Scribing luminescent glyphs of power, French artist Julien Breton travels the world, combining dance, light, and photography to create stunning works of Arabic calligraphy that seem to magically hang in mid-air.
A self-trained calligrapher, Breton says that he spent the first five years of his career working on paper, but he felt as if he was missing something: he wanted to put his entire body into his art. “Light painting solved all the problems I’d been facing,” Breton says. “It gave me the ability to work with my entire body on much larger scales than traditional calligraphy, and create three-dimensional works.”
Light painting is done in a dark setting by waving a light source in front of a camera that has been set with a long exposure and a high ISO, which determines how sensitive the sensor is to light. When the image is developed, the motion of the light blurs together, sinuously combining several moments in time into a single image. The painter himself dresses in dark colors, and keeps in constant motion. If it’s done right, the painter will become nearly invisible in the finished image, while the light painting itself seems to hover like a neon ghost in the dark.
To create his light paintings, then, Breton first needs to exhaustively train himself to turn his calligraphy into a meticulously choreographed dance. Making this process more complicated, Breton’s light calligraphy needs to be done in reverse to expose legibly; he also works with a beveled, tapered light source, which makes it possible to simulate the thin and thick strokes of calligraphy. When Breton has prepared his choreography, he chooses a scene for his painting, usually in Arabic-speaking countries like Egypt or Morocco. He then works with light photographer David Gallard to record his fluorescent dance as a finished image. “We work in the night, in the cold, until we have the good one,” says Breton.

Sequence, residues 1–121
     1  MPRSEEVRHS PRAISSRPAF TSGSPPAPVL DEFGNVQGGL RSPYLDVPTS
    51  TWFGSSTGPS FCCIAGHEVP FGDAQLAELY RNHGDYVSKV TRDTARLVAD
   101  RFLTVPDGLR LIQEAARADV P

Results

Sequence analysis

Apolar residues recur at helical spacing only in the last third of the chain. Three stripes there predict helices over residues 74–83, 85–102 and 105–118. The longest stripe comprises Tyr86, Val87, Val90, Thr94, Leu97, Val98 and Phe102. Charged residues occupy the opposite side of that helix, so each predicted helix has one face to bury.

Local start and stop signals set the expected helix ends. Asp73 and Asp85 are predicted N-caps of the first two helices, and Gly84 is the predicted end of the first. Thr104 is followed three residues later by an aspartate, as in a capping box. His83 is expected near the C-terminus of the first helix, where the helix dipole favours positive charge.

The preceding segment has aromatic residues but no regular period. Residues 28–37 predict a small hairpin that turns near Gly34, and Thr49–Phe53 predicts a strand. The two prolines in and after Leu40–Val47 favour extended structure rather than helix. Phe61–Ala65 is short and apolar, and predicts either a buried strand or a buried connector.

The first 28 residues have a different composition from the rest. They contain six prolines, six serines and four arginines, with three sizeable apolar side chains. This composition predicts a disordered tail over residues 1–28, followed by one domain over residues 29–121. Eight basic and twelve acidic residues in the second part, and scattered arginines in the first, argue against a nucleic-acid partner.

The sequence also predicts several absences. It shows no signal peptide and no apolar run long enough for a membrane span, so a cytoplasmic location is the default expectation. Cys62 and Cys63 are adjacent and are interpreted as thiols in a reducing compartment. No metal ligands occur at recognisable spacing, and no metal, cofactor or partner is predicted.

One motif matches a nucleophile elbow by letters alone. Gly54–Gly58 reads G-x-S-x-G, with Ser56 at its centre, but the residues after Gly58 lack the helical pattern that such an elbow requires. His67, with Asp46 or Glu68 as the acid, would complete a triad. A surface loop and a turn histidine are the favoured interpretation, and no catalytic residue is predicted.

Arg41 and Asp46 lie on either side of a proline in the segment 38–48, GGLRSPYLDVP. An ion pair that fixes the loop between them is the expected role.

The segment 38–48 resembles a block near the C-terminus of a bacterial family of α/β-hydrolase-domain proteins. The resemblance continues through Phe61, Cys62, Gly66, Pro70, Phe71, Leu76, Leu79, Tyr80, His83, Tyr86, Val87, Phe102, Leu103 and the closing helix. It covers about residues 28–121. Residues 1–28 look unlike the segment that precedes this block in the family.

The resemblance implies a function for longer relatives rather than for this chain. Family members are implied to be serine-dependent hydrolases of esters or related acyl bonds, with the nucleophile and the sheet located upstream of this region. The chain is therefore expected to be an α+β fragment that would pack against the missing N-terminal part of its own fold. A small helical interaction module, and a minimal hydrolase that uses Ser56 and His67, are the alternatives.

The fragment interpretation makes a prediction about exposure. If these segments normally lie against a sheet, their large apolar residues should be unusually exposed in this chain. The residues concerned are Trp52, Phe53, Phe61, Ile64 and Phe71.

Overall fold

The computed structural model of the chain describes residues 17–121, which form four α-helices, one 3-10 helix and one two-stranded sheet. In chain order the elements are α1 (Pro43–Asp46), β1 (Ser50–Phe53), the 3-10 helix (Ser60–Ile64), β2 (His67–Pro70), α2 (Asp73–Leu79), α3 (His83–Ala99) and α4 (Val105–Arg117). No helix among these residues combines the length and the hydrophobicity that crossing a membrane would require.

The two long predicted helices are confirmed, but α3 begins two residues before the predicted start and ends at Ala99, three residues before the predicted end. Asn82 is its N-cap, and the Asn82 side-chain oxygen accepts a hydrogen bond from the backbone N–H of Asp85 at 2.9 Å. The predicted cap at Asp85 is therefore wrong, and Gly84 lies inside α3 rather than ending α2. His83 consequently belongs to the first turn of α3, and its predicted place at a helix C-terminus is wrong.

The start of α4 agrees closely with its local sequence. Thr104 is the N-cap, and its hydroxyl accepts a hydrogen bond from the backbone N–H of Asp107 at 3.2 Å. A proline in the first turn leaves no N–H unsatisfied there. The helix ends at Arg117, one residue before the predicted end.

Asked why his calligraphy is in Arabic, which is not Breton’s native language, the artist says he can’t imagine it any other way. “I’m not able to speak Arabic, but it’s clearly perfect for light painting,” he says. “The curves, and the aerial aspect of Arabic letters, just fits perfectly with my technique.” The fact that, at least to Western eyes, Arabic helps make Breton’s finished light paintings seem all the more otherworldly, like spells out of Arabian Nights? Just another small perk.